When most people think about special occasions such as Christmas, it usually conjures up fond memories. Granted it can be a stressful period for a lot of parents tasked with what feels like a never-ending cycle of cooking, cleaning and buying presents. But at the end of the day, most anticipate it being a joyful occasion. A time we spend with our loved ones; a time for giving, enjoying great food, and the magic of the holiday season. Children, especially, build up so much excitement as Christmas gets closer and closer.
Sadly, this is not the case for all families.
The reality for many at Christmastime is starkly different. Families living with domestic violence face much anxiety and uncertainty at this time of year. While it may be hard to imagine this reality, we have the opportunity to shine a light on and talk about family violence, something that is, too often, hidden behind the veil of private, 'family' business.
I frequently see women living with violence who will do everything in their power to create a peaceful and nurturing environment, particularly at Christmastime. In wanting to maintain an intact family and shield their children from the impact of the abuse, they may stay in an unsafe situation, despite their better instincts telling them that they should leave. Leaving, however, creates greater risk of escalating violence. There are no easy choices here.
Abuse and violence is very different from regular relationship conflict. Rather than negotiating differences and reaching compromise, it is the intentional abuse of one person's power to disadvantage or disempower another. Happiness and excitement are replaced by grief and terror. Children come to associate special occasions with dread and anxiety.
The added stress and pressures experienced by people who are living with domestic violence often heighten. Whilst maintaining an appearance of celebration and happiness, victims live with the fear, uncertainty and unpredictability of violence and abuse. They fear for the emotional and often physical safety of their children, living in a constant state of stress - stress that their children feel instinctively.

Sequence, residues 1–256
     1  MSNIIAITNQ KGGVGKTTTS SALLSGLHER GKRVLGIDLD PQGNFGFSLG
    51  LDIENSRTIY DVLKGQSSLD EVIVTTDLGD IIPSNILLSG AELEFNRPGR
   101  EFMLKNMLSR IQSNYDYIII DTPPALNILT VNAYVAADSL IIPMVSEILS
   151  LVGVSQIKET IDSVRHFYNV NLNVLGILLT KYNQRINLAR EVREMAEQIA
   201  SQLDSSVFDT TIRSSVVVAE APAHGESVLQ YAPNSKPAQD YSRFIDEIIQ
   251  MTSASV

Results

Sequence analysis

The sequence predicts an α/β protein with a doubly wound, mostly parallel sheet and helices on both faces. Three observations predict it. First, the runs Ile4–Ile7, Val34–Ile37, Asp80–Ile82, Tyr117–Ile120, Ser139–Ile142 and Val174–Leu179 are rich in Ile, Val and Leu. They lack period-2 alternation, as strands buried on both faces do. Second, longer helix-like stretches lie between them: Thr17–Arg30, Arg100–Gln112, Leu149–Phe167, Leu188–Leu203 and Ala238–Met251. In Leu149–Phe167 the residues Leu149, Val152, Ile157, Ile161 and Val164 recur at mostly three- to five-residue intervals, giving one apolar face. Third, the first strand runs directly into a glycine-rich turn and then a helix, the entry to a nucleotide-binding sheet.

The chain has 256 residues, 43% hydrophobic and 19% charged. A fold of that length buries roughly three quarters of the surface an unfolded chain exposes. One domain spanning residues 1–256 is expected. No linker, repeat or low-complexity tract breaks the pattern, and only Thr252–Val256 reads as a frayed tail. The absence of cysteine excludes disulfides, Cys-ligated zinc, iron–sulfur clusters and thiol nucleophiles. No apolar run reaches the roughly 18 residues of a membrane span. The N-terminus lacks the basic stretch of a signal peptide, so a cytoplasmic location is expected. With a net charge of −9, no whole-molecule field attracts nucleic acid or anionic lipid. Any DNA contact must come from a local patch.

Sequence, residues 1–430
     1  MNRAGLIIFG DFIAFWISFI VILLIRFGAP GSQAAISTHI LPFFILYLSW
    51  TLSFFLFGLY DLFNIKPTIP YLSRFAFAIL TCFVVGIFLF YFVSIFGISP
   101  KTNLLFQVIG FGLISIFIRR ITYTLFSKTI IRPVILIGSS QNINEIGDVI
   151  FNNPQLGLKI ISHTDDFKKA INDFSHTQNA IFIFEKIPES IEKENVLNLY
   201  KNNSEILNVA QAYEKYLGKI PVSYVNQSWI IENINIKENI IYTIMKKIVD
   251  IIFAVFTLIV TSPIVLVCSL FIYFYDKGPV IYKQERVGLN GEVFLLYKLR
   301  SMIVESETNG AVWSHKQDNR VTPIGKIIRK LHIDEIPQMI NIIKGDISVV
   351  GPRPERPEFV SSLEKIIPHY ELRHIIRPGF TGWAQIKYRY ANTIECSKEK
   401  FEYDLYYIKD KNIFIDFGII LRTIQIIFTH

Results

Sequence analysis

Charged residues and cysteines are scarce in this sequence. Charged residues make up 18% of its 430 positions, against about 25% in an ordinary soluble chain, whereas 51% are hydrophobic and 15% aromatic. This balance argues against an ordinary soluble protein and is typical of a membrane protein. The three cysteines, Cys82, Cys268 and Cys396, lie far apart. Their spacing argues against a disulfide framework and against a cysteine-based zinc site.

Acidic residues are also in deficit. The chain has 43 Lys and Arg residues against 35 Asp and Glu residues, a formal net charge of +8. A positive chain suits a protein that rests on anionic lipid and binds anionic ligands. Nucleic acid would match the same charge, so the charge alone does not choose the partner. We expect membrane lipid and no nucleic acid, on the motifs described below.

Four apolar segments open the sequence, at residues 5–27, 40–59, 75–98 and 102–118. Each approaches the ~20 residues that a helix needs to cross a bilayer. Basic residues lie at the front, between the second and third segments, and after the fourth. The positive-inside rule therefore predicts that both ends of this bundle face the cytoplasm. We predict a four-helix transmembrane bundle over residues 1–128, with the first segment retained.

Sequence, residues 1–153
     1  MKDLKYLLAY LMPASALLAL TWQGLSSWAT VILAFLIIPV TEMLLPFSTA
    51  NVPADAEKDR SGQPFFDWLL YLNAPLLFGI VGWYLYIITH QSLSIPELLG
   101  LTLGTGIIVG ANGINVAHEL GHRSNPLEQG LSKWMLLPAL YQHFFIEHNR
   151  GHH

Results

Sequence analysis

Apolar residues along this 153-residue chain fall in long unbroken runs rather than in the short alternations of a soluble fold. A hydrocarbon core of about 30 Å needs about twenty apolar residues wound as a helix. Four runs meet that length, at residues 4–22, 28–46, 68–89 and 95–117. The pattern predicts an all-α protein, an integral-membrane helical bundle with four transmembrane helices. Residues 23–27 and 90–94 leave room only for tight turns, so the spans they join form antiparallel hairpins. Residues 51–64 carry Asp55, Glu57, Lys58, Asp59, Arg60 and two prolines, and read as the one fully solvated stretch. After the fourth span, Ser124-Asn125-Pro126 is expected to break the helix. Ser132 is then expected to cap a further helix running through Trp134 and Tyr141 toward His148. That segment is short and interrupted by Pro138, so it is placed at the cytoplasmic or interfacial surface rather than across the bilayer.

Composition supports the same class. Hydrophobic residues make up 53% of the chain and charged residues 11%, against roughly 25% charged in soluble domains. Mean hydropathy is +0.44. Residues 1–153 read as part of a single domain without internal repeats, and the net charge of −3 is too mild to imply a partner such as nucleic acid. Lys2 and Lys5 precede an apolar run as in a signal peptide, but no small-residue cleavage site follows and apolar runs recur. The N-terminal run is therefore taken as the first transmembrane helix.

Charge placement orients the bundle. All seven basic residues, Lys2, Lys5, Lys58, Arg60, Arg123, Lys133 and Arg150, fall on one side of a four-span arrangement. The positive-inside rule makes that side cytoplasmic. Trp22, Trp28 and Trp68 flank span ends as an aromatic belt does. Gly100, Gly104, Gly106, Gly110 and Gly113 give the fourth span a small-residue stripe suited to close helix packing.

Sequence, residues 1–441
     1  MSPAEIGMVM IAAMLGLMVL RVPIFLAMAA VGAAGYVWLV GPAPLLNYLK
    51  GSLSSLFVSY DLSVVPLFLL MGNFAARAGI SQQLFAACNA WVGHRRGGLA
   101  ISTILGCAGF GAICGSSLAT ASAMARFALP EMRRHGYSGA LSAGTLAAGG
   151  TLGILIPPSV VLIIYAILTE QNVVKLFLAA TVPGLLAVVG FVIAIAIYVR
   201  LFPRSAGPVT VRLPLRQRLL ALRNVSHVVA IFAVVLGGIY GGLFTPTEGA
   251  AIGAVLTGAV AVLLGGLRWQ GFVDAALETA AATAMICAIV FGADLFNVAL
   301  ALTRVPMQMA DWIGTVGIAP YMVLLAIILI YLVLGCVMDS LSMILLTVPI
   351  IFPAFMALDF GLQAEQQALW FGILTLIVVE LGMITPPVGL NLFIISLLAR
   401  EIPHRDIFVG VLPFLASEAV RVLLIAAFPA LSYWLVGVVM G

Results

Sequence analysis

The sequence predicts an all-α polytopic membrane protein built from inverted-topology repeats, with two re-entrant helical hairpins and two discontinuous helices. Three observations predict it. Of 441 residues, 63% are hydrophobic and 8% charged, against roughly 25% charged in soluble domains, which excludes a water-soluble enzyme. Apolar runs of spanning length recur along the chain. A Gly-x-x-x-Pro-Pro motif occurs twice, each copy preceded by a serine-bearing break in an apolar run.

Christmas is traditionally a time of increased consumption of alcohol, contributing to greater volatility and stress. The level of tension experienced by families in this situation is extremely anxiety provoking. It stretches a victim's ability to cope to its limits and a child's challenging behaviours are a clear signal of the stress and volatility that they are exposed to.
Domestic violence is not okay at any time of the year and Christmas is no exception. I cannot emphasise enough that the pressures of Christmas never justify or cause the violence. What we must never lose sight of is that a perpetrator of violence always has a choice and is responsible for their use of controlling, coercive and violent behaviour.
In over 10 years of counselling women and couples, I have seen with my own eyes that the impact and effects of long-standing abuse and violence are often more pronounced during this period. Christmas is a reminder to everyone that the experience of a 'happy Christmas' is not a given. It is very much uncertain.
Helping victims of domestic abuse is something we, as a community, can take responsibility for. We can call out domestic violence. We can talk about it so that people understand it will never be okay at any time of year, least of all at a time when we are celebrating with loved family and friends.
If you are experiencing domestic or family violence you can seek support by contacting the National Domestic Violence Service on 1800 RESPECT (1800 737 732). If you are in immediate danger call triple zero (000).